All of us, every single man, woman, and child on the face of the Earth were born with the same unalienable rights; to life, liberty and the pursuit of happiness. And, if the governments of the world can't get that through their thick skulls, then, regime change will be necessary.
Wednesday, December 28, 2011
It’s over OIL FUTURES, STUPID ..US Iran get into it over Hormuz
Iran warns of closing strategic Hormuz oil route
Iran’s navy chief warned Wednesday that his country can easily close the strategic Strait of Hormuz at the mouth of the Persian Gulf, the passageway through which a sixth of the world’s oil flows.
It was the second such warning in two days. On Tuesday, Vice President Mohamed Reza Rahimithreatened to close the strait, cutting off oil exports, if the West imposes sanctions on Iran’s oil shipments.
In response, the Bahrain-based U.S. 5th Fleet’s spokeswoman warned that any disruption “will not be tolerated.” The spokeswoman, Lt. Rebecca Rebarich, said the U.S. Navy is “always ready to counter malevolent actions to ensure freedom of navigation.”
U.S. Fifth Fleet says won’t allow Hormuz disruption
The U.S. Fifth Fleet said on Wednesday it would not allow any disruption of traffic in the Strait of Hormuz, after Iran threatened to stop ships moving through the world’s most important oil route.
“Anyone who threatens to disrupt freedom of navigation in an international strait is clearly outside the community of nations; any disruption will not be tolerated,” the Bahrain-based fleet said in an e-mail.
Iran, at loggerheads with the West over its nuclear programme, said on Tuesday it would stop the flow of oil through the Strait of Hormuz in the Gulf if sanctions were imposed on its crude exports.
“Closing the Strait of Hormuz for Iran’s armed forces is really easy … or as Iranians say, it will be easier than drinking a glass of water,” Iran’s navy chief Habibollah Sayyari told Iran’s English-language Press TV on Wednesday.
“But right now, we don’t need to shut it …,” said Sayyari, who is leading 10 days of exercises in the Strait.
U.S., Israel Discuss Triggers for Bombing Iran’s Nuclear Infrastructure
Dec 28, 2011 4:45 AM EST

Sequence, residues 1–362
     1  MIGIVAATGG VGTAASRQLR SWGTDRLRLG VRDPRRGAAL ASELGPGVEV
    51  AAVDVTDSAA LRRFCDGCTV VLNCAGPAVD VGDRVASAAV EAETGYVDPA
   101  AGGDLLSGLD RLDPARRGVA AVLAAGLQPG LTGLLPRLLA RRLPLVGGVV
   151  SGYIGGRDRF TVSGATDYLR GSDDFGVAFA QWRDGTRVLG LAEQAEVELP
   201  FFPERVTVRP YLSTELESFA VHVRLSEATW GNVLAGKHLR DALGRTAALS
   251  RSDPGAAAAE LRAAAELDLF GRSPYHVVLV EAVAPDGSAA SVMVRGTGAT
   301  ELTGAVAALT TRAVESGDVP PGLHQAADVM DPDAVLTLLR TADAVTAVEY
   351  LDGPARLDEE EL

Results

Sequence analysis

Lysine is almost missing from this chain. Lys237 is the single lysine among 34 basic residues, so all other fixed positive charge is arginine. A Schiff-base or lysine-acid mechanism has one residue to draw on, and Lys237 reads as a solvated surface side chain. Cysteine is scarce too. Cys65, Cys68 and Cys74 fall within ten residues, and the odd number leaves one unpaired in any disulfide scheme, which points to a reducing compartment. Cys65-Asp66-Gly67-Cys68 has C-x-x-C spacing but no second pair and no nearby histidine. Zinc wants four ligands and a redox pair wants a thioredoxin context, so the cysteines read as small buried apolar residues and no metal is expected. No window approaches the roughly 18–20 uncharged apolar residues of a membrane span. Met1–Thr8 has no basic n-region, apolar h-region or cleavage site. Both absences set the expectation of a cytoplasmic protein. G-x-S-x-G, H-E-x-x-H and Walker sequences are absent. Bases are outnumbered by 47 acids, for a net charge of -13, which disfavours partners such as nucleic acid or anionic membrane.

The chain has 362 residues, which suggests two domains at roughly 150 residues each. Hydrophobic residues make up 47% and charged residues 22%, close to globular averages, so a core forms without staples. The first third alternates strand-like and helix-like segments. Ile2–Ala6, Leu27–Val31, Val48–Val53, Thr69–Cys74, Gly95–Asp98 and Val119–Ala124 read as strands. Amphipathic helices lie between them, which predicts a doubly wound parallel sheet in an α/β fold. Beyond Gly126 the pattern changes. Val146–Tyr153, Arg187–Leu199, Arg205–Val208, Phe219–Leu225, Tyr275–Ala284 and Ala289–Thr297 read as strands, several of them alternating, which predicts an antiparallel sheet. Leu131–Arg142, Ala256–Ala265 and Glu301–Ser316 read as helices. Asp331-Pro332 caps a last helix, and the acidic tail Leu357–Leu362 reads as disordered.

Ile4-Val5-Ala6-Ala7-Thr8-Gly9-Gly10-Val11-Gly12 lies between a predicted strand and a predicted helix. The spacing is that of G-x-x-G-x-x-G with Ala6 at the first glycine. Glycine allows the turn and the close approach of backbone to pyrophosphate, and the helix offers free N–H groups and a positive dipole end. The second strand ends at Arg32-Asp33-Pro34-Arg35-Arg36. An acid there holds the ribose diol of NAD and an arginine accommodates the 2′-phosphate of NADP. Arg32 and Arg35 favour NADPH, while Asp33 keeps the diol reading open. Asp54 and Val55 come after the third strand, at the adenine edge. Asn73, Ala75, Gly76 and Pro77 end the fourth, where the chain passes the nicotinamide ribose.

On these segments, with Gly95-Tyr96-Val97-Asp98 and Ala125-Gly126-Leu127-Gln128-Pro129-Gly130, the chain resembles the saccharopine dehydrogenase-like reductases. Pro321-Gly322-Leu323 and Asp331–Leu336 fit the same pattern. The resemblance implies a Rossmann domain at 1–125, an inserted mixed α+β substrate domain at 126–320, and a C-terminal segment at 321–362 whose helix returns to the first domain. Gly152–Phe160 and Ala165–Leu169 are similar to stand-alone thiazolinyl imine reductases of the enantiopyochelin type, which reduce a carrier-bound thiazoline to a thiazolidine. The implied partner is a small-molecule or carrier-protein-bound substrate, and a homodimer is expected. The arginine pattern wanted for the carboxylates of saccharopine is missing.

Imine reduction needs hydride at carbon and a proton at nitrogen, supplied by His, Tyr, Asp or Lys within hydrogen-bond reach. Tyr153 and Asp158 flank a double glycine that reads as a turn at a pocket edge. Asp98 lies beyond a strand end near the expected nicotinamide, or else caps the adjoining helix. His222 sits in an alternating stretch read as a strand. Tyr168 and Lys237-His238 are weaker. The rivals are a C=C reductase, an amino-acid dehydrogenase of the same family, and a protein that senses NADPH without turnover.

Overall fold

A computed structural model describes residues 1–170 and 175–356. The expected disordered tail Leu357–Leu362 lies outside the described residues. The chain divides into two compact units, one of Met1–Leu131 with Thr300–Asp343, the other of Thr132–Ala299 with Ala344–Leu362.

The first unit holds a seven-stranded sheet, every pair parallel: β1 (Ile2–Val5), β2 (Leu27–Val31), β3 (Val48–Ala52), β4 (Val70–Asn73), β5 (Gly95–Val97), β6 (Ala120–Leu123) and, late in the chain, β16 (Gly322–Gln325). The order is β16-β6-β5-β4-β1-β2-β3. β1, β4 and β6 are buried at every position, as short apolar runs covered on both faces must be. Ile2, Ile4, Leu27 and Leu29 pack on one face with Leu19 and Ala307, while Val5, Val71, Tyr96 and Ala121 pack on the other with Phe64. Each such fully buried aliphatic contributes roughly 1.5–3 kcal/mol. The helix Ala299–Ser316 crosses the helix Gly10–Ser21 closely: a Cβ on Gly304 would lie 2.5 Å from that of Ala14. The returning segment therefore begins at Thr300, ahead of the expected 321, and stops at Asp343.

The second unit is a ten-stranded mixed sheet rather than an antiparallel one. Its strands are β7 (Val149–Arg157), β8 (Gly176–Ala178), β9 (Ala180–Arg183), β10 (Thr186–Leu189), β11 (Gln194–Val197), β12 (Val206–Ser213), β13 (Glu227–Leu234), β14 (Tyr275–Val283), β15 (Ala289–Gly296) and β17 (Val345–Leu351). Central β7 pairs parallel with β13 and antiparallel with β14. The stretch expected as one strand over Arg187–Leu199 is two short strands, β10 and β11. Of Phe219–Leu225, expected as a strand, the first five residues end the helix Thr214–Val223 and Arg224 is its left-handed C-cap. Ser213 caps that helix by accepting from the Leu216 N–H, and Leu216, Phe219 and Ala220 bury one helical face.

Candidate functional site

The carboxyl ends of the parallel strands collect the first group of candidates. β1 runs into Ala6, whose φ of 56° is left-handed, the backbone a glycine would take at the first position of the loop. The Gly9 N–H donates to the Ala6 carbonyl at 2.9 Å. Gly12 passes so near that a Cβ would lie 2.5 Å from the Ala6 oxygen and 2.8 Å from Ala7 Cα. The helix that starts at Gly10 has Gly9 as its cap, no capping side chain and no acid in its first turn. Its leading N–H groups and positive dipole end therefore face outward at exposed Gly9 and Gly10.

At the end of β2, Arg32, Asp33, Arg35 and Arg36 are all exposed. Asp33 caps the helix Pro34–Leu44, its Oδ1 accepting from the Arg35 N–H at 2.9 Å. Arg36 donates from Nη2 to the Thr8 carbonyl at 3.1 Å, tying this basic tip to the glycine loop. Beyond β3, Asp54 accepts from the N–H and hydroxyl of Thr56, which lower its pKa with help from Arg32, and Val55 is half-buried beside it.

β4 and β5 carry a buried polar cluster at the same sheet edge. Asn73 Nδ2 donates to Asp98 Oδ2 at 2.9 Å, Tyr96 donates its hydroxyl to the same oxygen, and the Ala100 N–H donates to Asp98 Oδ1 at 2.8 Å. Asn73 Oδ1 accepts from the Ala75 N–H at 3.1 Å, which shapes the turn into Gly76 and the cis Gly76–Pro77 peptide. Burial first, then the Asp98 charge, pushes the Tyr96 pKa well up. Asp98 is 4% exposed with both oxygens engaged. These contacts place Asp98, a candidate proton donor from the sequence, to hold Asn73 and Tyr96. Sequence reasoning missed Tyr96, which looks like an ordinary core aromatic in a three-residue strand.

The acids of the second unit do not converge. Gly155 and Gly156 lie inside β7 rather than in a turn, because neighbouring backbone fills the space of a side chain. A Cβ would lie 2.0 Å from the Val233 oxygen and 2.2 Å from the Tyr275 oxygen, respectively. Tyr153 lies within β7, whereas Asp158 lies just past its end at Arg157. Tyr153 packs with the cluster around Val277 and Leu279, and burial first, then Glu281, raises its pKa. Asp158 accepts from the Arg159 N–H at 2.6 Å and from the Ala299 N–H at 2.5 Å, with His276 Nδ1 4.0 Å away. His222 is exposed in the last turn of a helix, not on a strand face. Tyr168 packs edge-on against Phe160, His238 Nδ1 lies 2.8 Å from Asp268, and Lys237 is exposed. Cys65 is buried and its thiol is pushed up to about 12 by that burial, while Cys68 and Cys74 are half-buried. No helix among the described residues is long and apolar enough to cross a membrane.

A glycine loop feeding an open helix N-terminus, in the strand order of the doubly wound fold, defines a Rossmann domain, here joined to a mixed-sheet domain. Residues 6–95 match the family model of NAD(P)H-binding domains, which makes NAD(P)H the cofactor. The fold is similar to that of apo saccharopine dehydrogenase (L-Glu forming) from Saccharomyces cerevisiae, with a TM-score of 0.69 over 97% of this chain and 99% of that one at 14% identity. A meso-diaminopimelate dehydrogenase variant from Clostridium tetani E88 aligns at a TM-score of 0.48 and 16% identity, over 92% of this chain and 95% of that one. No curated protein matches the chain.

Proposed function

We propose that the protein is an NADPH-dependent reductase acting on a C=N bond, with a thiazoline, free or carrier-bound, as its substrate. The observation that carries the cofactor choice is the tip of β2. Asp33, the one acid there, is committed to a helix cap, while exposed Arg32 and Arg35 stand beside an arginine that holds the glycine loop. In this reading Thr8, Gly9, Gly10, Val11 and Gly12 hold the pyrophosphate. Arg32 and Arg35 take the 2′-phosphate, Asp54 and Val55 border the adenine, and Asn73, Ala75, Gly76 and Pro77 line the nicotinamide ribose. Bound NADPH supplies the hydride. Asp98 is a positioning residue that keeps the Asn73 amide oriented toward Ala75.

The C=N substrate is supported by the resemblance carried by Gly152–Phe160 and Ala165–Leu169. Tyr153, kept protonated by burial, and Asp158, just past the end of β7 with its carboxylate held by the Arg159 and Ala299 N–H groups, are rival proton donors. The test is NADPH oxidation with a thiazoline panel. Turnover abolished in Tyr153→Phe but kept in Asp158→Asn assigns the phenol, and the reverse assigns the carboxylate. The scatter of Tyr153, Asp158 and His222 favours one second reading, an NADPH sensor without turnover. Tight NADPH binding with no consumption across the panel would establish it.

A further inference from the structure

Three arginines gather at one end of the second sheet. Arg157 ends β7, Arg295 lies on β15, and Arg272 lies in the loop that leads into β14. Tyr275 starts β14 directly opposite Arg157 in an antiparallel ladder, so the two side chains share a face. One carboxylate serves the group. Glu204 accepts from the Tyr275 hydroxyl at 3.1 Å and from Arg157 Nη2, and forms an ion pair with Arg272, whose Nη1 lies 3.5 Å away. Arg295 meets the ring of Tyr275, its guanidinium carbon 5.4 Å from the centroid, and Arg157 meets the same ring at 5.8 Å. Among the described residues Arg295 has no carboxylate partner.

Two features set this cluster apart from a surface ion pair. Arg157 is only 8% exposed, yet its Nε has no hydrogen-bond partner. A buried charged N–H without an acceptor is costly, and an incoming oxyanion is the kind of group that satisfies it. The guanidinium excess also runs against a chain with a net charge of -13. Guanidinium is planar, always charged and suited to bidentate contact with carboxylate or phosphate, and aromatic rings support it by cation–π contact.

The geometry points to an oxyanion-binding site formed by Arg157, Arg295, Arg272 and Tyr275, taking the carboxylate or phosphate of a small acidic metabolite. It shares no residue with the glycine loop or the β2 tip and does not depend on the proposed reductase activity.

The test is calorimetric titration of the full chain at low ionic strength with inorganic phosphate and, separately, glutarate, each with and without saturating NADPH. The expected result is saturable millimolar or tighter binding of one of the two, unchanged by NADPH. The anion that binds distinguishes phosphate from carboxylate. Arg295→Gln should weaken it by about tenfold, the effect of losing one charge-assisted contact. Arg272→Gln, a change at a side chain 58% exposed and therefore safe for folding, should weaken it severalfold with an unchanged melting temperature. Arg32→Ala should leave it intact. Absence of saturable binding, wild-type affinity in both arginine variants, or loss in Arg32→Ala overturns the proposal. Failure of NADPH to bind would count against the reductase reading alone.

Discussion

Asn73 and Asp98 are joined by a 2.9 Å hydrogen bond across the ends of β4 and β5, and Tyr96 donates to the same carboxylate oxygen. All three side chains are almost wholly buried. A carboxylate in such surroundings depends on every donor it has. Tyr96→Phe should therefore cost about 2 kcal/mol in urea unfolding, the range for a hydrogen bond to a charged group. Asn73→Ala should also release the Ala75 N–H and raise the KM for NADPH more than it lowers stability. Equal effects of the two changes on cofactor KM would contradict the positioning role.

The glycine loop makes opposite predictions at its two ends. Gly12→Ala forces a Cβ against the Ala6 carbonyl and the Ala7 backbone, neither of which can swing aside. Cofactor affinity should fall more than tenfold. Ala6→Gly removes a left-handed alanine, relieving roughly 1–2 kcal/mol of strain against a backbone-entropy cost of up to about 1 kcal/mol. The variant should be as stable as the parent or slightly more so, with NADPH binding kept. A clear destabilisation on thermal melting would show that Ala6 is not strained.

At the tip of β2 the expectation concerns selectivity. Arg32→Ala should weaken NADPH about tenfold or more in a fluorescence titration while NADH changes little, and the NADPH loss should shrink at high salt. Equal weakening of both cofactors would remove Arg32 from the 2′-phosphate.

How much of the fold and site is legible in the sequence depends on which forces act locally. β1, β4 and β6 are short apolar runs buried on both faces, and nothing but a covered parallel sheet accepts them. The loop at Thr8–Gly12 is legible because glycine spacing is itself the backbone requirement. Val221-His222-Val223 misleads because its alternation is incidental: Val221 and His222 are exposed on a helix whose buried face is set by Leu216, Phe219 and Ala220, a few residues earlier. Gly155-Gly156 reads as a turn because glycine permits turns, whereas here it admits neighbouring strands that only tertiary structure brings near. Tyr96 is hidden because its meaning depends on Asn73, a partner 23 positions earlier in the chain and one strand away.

The Obama administration is trying to assure Israel privately that it would strike Iran militarily if Tehran’s nuclear program crosses certain “red lines”—while attempting to dissuade the Israelis from acting unilaterally. Eli Lake reports exclusively.When Defense SecretaryLeon Panettaopined earlier this month that an Israeli attack on Iran’s nuclear facilities could “consume the Middle East in a confrontation and a conflict that we would regret,” the Israelis went ballistic behind the scenes. Michael Oren, Israel’s ambassador to Washington, lodged a formal diplomatic protest known as a demarche. And the White House was thrust into action, reassuring the Israelis that the administration had its own “red lines” that would trigger military action against Iran, and that there is no need for Jerusalem to act unilaterally.
Panetta’s seemingly innocent remarks on Dec. 2 triggered the latest drama in the tinder-box relationship that the Obama administration is trying to navigate with Prime Minister Benjamin Netanyahu’s government. With Republicans lining up to court Jewish donors and voters in America in 2012, Obama faces a tricky election-year task of ensuring Iran doesn’t acquire a nuclear bomb on his watch while keeping the Israelis from launching a preemptive strike that could inflame an already teetering Middle East.
The stakes are immensely high, and the distrust that Israelis feel toward the president remains a complicating factor. Those sentiments were laid bare in a speech Netanyahu’s minister of strategic affairs, Moshe Ya’alon, gave on Christmas Eve in Jerusalem, in which he used Panetta’s remarks to cast doubt on the U.S.’s willingness to launch its own military strike.